Question of the Day: What characteristic or trait do you admire most in a person?
Day 03: A picture of you and your friends.
Once again, I have a no-real-photos policy at the moment so I decided to portray my friends and I through Yahoo! avatars. The first Avatar chick is actually me, you see…I am surrounded by books, have my signature “reporter” glasses and have a layered ‘do. :) I’d like to introduce you to my amazing friends, all of whom have some spectacular and distinct personalities:
From left to right, top to bottom…
1) The Red Angel (me!) I don’t look very red and I don’t look like an angel though…
2) Madame Curlique loves the beach and everything that has to do with nature.
3) Jammin’ Poe-Poe is one of those “I JUST WANNA PLAY MY MUSIC” kinda guys.
4) B-Ball4Eva likes sports and is a die-hard fan of our university teams.
5) Mr. Senator has always loved everything politics.
6) Gloss&Shiny has beautiful hair, loves colorful things, and owns a fantastic imagination.
I apologize for the long wait for this post! Finally, all my midterms are over and the stressful study sessions and all-nighters have paid off. Hooray!
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Probably one of the most frightening experiences you could ever have is speaking in front of a class full of college students. The best thing you can get out of it? A response.
A few weeks ago, I had the pleasure of talking in front of a few Creative Writing/Poetry classes about our literary magazine and what a great opportunity it is to submit work and possibly get published. I’d just like to point out that I stutter, shake, and sweat when I am nervous. Specifically, when I am nervous about speaking in public. Who am I to tell these 18-21 year olds what to do with their time? Who am I to interrupt their daily learning hour (or, rather, Facebook-stalking hour) with my public service announcement? What could I possibly have to say that would interest them?
As a freshman in college, I believe that my public-speaking abilities have improved greatly through the speeches, conferences, interviews, and class talks that I’ve been thrust into participating in. And now that I’m able to talk in front of a group of people and not feel like barfing, I actually somewhat enjoy the experience and have really come to value the importance of such a skill.
The Do’s & Don’ts of Public Speaking
1) DO: Briefly rehearse what you are going to say before the spotlight is on you. Even if you are in a seminar where colloquial discussions are encouraged, it helps a lot if you know what points you want to make and any reasoning you want to add on to make your argument stronger. Or if you, like me, are standing up to persuade your audience to be a part of something or advertise a certain product or thing, make sure you back your information with the types of incentives or positive results that what you are advertising could lead to.
DON’T: Spend hours making note cards or writing a speech out from scratch. 99% of the time, you will end up changing what you say during the actual moment. And then, drifting away from the strictly bullet-pointed dialogue you created might even result in a total screw-up. At the very most, make a short outline of all the most important things you want to talk about and use that as a guide.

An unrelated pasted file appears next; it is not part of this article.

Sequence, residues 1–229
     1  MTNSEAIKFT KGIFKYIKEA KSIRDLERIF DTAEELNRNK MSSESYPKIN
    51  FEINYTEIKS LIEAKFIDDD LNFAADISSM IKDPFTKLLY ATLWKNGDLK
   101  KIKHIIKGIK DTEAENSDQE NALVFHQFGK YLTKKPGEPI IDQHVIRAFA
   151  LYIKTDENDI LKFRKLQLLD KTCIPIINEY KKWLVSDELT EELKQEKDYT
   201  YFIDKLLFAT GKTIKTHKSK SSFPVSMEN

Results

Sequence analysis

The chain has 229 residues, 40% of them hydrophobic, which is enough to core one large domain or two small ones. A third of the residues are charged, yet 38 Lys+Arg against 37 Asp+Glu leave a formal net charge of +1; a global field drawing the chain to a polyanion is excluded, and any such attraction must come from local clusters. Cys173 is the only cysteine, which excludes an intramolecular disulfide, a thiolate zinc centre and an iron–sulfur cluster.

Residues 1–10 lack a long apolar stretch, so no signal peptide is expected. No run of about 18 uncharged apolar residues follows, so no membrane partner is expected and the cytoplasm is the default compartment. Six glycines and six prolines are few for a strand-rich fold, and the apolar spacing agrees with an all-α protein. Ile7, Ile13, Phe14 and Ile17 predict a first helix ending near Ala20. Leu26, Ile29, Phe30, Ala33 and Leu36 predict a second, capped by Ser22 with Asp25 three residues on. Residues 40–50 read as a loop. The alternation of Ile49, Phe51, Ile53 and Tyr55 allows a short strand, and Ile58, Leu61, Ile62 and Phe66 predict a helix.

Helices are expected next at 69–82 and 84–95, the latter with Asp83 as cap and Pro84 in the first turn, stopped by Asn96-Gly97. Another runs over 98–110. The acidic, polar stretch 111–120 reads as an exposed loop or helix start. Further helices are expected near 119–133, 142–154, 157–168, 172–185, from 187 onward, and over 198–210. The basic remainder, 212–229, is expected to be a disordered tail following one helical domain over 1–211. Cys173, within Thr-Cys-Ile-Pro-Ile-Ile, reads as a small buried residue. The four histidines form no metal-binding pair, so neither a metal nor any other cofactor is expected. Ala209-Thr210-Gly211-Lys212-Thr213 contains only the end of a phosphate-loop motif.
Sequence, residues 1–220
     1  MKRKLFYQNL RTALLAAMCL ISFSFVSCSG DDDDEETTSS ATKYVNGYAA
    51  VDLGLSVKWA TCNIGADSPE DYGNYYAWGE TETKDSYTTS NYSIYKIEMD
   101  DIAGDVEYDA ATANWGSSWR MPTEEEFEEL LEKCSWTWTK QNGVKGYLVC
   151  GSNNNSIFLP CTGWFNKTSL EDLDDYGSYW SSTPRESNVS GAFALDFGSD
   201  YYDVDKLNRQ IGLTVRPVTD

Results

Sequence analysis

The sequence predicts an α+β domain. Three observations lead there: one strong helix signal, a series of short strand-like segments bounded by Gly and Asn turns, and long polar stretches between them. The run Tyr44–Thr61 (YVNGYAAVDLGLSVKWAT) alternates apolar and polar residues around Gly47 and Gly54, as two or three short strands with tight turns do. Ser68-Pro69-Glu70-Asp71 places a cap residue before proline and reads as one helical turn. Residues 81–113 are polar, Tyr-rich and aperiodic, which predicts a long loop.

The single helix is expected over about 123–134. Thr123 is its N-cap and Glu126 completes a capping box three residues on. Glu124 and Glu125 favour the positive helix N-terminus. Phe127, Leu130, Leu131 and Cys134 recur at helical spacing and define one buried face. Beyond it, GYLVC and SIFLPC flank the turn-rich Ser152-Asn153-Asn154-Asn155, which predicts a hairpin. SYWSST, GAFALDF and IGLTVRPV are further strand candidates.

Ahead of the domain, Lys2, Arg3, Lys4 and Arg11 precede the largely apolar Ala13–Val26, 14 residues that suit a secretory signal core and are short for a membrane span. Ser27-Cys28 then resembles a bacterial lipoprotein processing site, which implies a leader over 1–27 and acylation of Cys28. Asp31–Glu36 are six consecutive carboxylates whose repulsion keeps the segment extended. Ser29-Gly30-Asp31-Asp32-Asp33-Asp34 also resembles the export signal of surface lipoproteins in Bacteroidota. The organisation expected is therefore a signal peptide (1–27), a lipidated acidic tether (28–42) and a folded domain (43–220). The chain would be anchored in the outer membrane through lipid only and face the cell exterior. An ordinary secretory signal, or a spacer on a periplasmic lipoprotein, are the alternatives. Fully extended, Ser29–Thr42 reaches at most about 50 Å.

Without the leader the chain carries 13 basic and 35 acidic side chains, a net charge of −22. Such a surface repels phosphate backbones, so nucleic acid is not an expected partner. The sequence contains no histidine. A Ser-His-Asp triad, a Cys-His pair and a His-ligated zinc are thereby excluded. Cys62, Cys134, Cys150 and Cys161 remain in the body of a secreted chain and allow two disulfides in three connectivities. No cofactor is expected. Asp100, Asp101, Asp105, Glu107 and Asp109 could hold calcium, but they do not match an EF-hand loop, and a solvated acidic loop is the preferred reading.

2) DO: Make eye contact. This is so much harder than it sounds like, and I know from experience. When you have a hundred, or even just twenty, professors/peers/parents/people staring you down as you speak, it takes all you’ve got to not run away at that moment. But staring right back not only makes you appear to be confident (even if you aren’t), but doing so also lets you identify with your audience on a more personal if unspoken level.
DON’T: Look down. Looking up and looking just to the right or just to the left are all bad, bad, bad…but looking down is the very worst thing you could do. People will eventually get bored with what you have to say, not because what you’re talking about isn’t interesting, but because you look scared and small. Staring at the floor gives such a negative message to the people who are listening, a message that says: OmgIdon’twannabeherepleaselemmegetthisoverwith! Not attractive.
3) DO: Speak with your hands as much as you speak with your voice. For some reason, the use of body language seems to ease the stress of public speakers. A lot. Hand movement helps emphasize what you’re saying, plus it prevents anyone from falling asleep. Sure, a strong voice can go a long way, but there’s no reason to add that extra oomph with your spirit fingers (seen “Bring It On” lately?). Plus, you will look, sound, and feel 10x more passionate and confident.
DON’T: Be stiff. If all you do is look straight ahead and recite, you’re going to end up talking to a bunch of snoring faces. Take a few steps here and there, move your hands, and tilt your head from one side to another to make sure you’re putting equal amounts of attention on the whole audience. Act like you’re talking in a conversation with another person, not a wall. Don’t be afraid to move. Your audience will thank you for not being just another robot.
4) DO: Take things lightly, smile, and crack a joke. When I went to speak in front of those literature classes, I decided that I just wanted to get it over with and didn’t spend that much time preparing apart from the main ideas I wanted to get across. For once, I wasn’t freaking out and I didn’t get nervous and I didn’t spazz out, simply because I didn’t want to spend all that time and energy worrying about talking in front of some college kids. And it actually made the whole thing go a lot smoother. I made a few sarcastic jokes and–*yay*–my peers chuckled, grinned, nodded. Heck, they responded the way I wanted to! I was funny! And that’s when I realized this whole public-speaking thing isn’t that big of a deal after all. :)